The Man in the Mirror
There may never be a Graceland for Michael Jackson. He was the wrong kind of Bad. He could not be the rake you would love to hate. He did not have the charisma that made women go weak in their knees. If he ever took out his shirt to throw at the audience, they would see his skeleton covered with skin.
He died long ago. And was born many times. It was the rebirth of a wilful retard. Oscar Wilde wrote, “For he who lives more lives than one more deaths than one must die."
Some might say he does not even deserve a tribute because he was accused of several crimes. Social morality is as pat as it is divisive. The American media made late-night jokes of his exploitation which proved just how exploitative they were.
If he was a joke, then it is more likely it was, as Bob Fosse said, in the Charlie Chaplin mould. He was the quintessential tragi-comic hero. Dangerous more to himself than anyone else.
Chaplin explained to Mark Sennett how he worked on the tramp character in these words: “You know this fellow is many-sided – a tramp, a gentleman, a poet, a dreamer, a lonely fellow, always hopeful of romance and adventure. He would have you believe he is a scientist, a musician, a duke, a polo player…However, he is not above picking up cigarette butts or robbing a baby of its candy…”
Between a lost childhood and delayed adulthood, Jackson created an adolescent haven. Neverland was his utopia – a teenaged Shangri-La of fairytale rides and bubbles that never burst and chocolates that didn’t melt; it was a protection from a world that was not growing up but moving away. He could not grasp it. He was losing it. There was no boyish mop, no sideburns, no devilish rolling stone, no dervish rant. Imagine, no Imagine!
Jane Fonda got it right when she said, “His intelligence is instinctual and emotional, like a child’s. If any artist loses that childlikeness, you lose a lot of creative juice. So Michael creates around himself a world that protects his creativity.”
He was comfortable with older women because they comforted the child in him, the thumb-sucker.
He was the wilful arbiter of his own life. Michael in the raw stood for something intangible. The emotional possession was cut short at some point. It was then that he made bold to insinuate that we liked him for his inadequacies, not ours. He made us feel good about ourselves.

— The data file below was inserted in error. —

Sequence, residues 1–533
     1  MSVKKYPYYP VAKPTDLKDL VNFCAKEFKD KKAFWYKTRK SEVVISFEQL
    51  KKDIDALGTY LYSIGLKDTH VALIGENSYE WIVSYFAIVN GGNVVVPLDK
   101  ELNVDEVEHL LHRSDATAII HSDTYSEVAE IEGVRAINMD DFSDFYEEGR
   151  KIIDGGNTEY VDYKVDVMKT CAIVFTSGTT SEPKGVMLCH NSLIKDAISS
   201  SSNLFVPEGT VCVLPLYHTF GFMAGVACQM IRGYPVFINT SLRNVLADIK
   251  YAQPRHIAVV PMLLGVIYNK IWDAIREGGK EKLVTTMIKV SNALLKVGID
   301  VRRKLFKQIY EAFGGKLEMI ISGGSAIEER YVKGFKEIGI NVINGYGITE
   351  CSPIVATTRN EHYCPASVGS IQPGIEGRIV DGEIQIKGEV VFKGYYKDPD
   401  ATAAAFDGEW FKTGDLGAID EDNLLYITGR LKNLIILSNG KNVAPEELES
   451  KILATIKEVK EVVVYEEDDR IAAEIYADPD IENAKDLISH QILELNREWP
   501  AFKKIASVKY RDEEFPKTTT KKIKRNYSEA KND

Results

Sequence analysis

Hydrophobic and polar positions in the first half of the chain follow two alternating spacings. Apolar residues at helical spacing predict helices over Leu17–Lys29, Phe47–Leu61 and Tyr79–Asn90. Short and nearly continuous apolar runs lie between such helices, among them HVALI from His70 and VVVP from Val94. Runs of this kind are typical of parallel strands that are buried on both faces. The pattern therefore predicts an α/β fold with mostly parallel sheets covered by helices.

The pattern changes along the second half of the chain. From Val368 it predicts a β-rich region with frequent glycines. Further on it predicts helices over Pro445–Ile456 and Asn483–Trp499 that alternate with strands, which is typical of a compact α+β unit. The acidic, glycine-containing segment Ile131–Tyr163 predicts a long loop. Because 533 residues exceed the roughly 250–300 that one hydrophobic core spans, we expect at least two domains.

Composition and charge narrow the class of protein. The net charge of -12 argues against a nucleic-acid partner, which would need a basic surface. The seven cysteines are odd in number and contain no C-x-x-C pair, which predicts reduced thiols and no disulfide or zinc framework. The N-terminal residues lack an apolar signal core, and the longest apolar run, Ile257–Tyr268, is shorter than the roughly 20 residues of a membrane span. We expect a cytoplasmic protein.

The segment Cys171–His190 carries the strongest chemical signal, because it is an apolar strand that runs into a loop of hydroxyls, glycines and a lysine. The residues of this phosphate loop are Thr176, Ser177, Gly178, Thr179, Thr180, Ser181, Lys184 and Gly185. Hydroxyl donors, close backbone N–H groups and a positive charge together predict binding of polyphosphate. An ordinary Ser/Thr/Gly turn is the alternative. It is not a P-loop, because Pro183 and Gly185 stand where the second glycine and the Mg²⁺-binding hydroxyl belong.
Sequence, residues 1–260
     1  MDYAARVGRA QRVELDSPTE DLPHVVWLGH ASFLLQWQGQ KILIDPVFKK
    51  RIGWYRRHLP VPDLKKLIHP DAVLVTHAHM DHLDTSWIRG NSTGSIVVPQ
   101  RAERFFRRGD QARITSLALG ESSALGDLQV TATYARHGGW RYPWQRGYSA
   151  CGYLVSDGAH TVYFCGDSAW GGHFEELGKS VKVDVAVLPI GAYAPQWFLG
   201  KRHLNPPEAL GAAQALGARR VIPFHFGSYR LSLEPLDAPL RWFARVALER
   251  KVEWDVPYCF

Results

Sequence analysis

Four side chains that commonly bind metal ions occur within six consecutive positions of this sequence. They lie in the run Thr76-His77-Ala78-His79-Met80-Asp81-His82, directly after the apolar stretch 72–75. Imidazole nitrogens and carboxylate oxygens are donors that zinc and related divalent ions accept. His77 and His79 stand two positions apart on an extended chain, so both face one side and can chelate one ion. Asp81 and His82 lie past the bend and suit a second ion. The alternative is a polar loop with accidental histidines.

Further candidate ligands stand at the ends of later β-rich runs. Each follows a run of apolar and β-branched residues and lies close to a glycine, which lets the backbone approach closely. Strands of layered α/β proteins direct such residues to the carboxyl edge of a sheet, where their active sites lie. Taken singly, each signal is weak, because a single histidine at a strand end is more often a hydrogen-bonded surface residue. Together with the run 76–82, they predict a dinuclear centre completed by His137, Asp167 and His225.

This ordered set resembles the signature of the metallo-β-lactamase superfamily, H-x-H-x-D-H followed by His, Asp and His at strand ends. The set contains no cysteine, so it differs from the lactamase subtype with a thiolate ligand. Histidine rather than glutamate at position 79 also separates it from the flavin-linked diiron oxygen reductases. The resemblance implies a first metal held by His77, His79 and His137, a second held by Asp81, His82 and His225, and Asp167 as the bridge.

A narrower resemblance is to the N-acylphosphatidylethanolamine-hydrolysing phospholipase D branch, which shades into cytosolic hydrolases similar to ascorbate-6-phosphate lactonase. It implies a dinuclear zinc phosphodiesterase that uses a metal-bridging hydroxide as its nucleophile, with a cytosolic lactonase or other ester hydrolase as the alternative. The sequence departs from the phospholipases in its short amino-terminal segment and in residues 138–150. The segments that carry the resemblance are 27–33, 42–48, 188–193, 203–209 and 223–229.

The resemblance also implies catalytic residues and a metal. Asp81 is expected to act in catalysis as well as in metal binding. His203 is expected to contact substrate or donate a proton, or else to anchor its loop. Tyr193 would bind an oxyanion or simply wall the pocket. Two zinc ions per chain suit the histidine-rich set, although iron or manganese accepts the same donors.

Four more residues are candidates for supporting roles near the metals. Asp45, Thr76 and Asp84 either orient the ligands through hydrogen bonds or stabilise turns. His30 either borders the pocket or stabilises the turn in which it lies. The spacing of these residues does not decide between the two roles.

How must it feel to be man, woman, child and product, all rolled into one, fashioned into a most exquisite piece of crystal, but always afraid of the mere nudge that could drop you to the floor into a thousand shards, each with a distinct identity and that terrible piercing feeling? Like a gymnast on a beam who wanted to perform a perfect 10, he was not unduly worried about falling down because there was a safety net.
He took umbrage in asexuality. Chaplin had chosen this path for a while and reasoned that like Balzac who believed that a night of sex meant the loss of a good page of his novel it took away precious time. It was only natural then for Michael who wanted to give a lot and take a lot to be lost to himself. He unabashedly created an androgynous persona and wanted to look and sing like Diana Ross at a high feminine pitch.
To make up for this sexuality-denying gesture, he performed the public shag. He was thrusting it in the faces of the spectators. According to an American critic, it was "to reassure himself the arguably Virgin King keeps publicly touching it".
It would appear that much like the low whisper which seemed to hold secrets he was rising above the body to become "someone who has connected with every soul in the world".
If Chaplin was inspired by the two world wars and the Depression, Michael had the Gulf War and the post-Woodstock yuppie punks to cater to. The gizmos he used onstage were those in-your-face things that appealed to the me-too generation of pretender beatniks.
There was orgiastic release through sex and scandal, but it had the veneer of ‘I smoked but did not inhale’ and the crustacean judicial impeachment that was rather soft within. Michael did not have too many social messages. He was the social message. However absurd may have been his attempts to become fair, straighten his hair, sharpen his nose, soften his lips, he was caricaturing himself. Is that why he rehearsed for hours in a room without mirrors? Was he avoiding his own image, the creation of a persona that he thought would be deemed acceptable? He was escaping Black and therefore rarely spoke up for it. He was the caustic commentary of our times.
He wasn’t trying to be the White man; he was only wearing a mask. He was telling them, “You’re throwing stones to hide your hands”. He always wore gloves, diamond-studded gloves, and rhinestone jackets. He did not want to play the poor guy with Harlem knocking on his door wearing baggy trousers and a baseball cap, walking like he would in the streets looking for leftovers. He was the boy who had made it. He was not going to be apologetic about it.
He chose the moonwalk, a formless form, where the ground was never too close and yet not too far. “Who am I, to be blind? Pretending not to see…”
For him the baubles were discardables, a stinging statement on the state of entertainment itself, which is why he truly began to perform only when shorn of all those appendages, punishing his sinewy body to perform impossible feats because somewhere deep down he felt, "though you do not need me now, I will stay in your heart".
Unlike many pop icons, he broke the barriers of restrictive nationalism and race, and gender too. The oxygen mask he wore was perhaps not to protect him but to create an illusion of posterity. His own little tribute to the breath of life, a self-created obituary: "Just call my name and I’ll be there."
Nothing can beat it.
FARZANA VERSEY is a Mumbai-based columnist and author of A Journey Interrupted: Being Indian in Pakistan, Harper Collins, India. She can be reached at email@example.com